Trains 83 & 84:  Train 84 leaves Moscow's Kazanski station on even-numbered dates (2nd, 4th, 6th etc of each month).  Train 83 leaves Astana on even-numbered dates.   Spalny vagon (2-berth sleepers), kupé (4-berth sleepers) & platskartny (open plan dormitory cars) plus restaurant car.

Fares:  Moscow to Almaty costs around £270 in 4-berth kupé or £514 in a 2-berth spalny vagon, booked with Real Russia.  Moscow to Astana costs £247 in kupé, £490 in spalny vagon.

How to buy tickets:  You can book train travel in Russia, including this train, through several reputable Russian agencies, including:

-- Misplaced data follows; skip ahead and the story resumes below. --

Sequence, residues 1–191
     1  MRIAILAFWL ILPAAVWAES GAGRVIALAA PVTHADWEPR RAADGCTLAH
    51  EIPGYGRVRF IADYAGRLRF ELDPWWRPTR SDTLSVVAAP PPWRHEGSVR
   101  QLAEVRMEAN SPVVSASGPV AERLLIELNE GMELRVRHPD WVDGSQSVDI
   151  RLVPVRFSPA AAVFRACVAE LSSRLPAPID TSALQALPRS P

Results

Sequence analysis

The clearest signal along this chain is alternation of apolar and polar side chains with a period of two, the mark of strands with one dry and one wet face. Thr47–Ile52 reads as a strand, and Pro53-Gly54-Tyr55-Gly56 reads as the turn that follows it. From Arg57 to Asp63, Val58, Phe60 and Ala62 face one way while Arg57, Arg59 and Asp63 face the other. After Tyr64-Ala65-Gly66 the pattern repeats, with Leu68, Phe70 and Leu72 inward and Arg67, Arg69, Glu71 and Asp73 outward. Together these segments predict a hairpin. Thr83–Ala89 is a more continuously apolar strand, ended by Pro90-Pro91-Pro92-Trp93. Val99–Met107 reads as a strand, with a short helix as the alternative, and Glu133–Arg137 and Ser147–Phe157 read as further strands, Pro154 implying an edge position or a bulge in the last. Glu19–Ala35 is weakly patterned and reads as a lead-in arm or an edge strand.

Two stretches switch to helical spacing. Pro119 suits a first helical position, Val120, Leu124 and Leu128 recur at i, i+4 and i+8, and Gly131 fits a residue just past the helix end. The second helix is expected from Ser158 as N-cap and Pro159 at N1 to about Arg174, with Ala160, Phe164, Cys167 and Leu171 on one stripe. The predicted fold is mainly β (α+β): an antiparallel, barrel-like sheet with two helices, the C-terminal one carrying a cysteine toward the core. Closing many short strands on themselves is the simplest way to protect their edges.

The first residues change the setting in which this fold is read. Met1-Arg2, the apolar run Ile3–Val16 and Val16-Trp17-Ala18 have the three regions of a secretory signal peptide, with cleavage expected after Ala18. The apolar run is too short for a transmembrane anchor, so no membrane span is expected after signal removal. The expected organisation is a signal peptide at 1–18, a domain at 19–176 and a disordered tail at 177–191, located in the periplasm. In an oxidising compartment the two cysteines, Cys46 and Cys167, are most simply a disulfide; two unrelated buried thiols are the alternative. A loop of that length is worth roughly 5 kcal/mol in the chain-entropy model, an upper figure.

You can make arrangements for trains, hotels and tours in Kazakhstan and Uzbekistan through local agencies such as www.tourasia.kz.  You will need Russian & Kazakh tourist visas for this journey (please check the latest Kazak visa situation as Kazakhstan no longer requires UK & some other nationals to get a visa, at least for a trial period from 2014 onwards).  For information on Russian visas, see the visa section on the Russia page.